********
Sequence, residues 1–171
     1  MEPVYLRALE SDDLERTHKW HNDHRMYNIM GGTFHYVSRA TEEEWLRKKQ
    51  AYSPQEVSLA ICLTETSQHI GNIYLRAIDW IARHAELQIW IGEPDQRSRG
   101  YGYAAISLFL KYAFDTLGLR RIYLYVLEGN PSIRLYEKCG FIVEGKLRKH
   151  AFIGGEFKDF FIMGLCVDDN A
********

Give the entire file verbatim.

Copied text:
Sequence, residues 1–171
     1  MEPVYLRALE SDDLERTHKW HNDHRMYNIM GGTFHYVSRA TEEEWLRKKQ
    51  AYSPQEVSLA ICLTETSQHI GNIYLRAIDW IARHAELQIW IGEPDQRSRG
   101  YGYAAISLFL KYAFDTLGLR RIYLYVLEGN PSIRLYEKCG FIVEGKLRKH
   151  AFIGGEFKDF FIMGLCVDDN A